Listeria is bacteria that can cause serious food poisoning and even death, particularly in young individuals, the elderly, and people with a weakened immune system. They are most often found in soil. People come in contact with the bacteria through contaminated meat or milk products.
The researchers of the study knew beforehand that suppressing a particular enzyme of Listeria known as glucose-1-phosphate uridylyltransferase (GalU) resulted in extreme alterations of the bacterial cell surface. In turn, these chemical alterations weakened the Listeria in terms of causing disease. After that, they focused on how to determine potential compounds that could prevent the function of GalU. In order to do this, they used computers and cheminformatics methods for characterizing, evaluating, and virtually screening over 88,000 compounds that could potentially suppress GalU.
The findings of the study, which were published in the journal Molecular Informatics, showed that the computer models discovered 37 compounds that could be tested in vitro. Three out of the 37 compounds were found to be effective enough to warrant further study.
“We can derive several predictive structure-activity relationships based on those 37 compounds and these relationships will help us design even more effective GalU inhibiting compounds,” explained Denis Fourches, an assistant professor of computational chemistry and one of the researchers of the study.
In future research, the researchers also intend to use computers to virtually create thousands of new analogs, virtually screen them and pick a different batch of up to 50 molecules.
“Ultimately, we believe if the GalU inhibitor is effective enough, the host (human or animal) should be able to eliminate the listerial population without antibiotics. For farmers working toward antibiotic-free farms, this could be a wonderful solution,” said Paul Orndorff, professor emeritus of microbiology.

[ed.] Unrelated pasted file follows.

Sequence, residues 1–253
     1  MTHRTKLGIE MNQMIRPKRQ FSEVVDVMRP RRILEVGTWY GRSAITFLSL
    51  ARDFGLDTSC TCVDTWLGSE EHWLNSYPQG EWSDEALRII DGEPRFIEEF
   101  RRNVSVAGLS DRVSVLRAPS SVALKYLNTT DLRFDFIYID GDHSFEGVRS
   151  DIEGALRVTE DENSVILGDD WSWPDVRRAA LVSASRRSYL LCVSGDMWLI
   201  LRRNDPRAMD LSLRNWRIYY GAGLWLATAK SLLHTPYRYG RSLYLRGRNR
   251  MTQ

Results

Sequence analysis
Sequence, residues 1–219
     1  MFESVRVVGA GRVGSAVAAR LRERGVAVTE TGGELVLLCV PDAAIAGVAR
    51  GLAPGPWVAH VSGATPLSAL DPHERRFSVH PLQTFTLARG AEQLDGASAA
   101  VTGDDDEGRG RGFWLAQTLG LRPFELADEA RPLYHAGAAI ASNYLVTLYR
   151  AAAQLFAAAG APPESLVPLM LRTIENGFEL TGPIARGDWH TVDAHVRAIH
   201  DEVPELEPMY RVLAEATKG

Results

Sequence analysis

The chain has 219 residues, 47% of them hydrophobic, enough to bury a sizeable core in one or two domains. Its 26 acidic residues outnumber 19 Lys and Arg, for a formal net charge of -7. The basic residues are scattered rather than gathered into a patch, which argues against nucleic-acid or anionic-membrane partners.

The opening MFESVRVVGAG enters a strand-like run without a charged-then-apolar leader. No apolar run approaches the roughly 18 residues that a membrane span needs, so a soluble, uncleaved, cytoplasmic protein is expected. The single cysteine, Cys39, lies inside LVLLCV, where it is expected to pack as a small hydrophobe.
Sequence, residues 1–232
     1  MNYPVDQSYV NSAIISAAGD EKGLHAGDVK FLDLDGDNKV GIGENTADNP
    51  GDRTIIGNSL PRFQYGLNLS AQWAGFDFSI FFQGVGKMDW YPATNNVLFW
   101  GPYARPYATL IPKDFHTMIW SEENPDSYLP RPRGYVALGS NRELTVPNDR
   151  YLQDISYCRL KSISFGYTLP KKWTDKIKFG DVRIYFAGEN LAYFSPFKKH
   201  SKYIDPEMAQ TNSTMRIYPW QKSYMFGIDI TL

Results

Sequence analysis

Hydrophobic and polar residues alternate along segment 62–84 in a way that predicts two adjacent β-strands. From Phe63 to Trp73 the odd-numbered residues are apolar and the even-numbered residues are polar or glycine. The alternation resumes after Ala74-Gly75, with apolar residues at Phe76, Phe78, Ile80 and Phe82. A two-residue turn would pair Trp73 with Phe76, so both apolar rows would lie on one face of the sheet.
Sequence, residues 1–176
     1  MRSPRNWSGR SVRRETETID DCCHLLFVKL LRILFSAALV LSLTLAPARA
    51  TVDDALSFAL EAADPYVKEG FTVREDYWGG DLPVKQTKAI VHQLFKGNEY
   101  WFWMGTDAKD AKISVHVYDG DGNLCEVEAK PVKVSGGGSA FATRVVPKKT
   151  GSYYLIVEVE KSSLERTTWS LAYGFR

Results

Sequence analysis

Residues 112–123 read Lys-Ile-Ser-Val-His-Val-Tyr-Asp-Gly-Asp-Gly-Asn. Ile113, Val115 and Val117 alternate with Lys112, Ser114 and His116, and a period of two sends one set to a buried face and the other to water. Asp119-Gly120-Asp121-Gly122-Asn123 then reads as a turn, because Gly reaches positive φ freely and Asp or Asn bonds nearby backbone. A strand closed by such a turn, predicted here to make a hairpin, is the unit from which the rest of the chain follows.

The findings of the study indicated that small molecules can be developed to stop the activity of one certain bacterial enzyme, which can lead to weaker disease-causing bacteria.
Listeriosis, the infection caused by Listeria
Listeriosis is a severe infection caused by eating food contaminated with Listeria bacteria. The bacteria can survive and grow at low temperatures and can be killed at high temperatures. In the U.S., approximately 1,600 people get infected by Listeria every year, and around 260 dies, according to the Centers for Disease Control and Prevention (CDC).
The symptoms of listeriosis vary but may include fever and chills, headache, stiff neck and sensitivity to light, confusion and drowsiness, muscle aches and pains, nausea, and diarrhea. These symptoms typically occur about three weeks after eating contaminated food, but the interval can differ between a few days and two months.
The infection can be treated with antibiotics, but prevention is best. You can reduce the risk of listeriosis by avoiding high-risk foods and preparing and storing food safely. High-risk foods include paté, cold ready-to-eat chicken, manufactured ready-to-eat meats, including polony, ham, and salami, soft cheeses, including brie, camembert, feta, and ricotta, pre-packed, pre-prepared or self-serve fruit or vegetable salads, freshly squeezed fruit and vegetable juices, ready-to-eat cold, smoked or raw seafood, such as smoked salmon, oysters, sashimi, cooked prawns, and sushi, soft serve ice cream and thick shakes, tofu, tempeh, unpasteurized milk, and unpasteurized milk products. (Related: Listeria does not grow on cantaloupes: Why the ‘deadliest food outbreak’ of the decade is yet another food scare campaign)
Be sure to regularly wash your hands with soap and water, wash fruit and vegetables before eating them, separate raw food from cooked and ready-to-eat food, cook foods thoroughly, and keep foods chilled.
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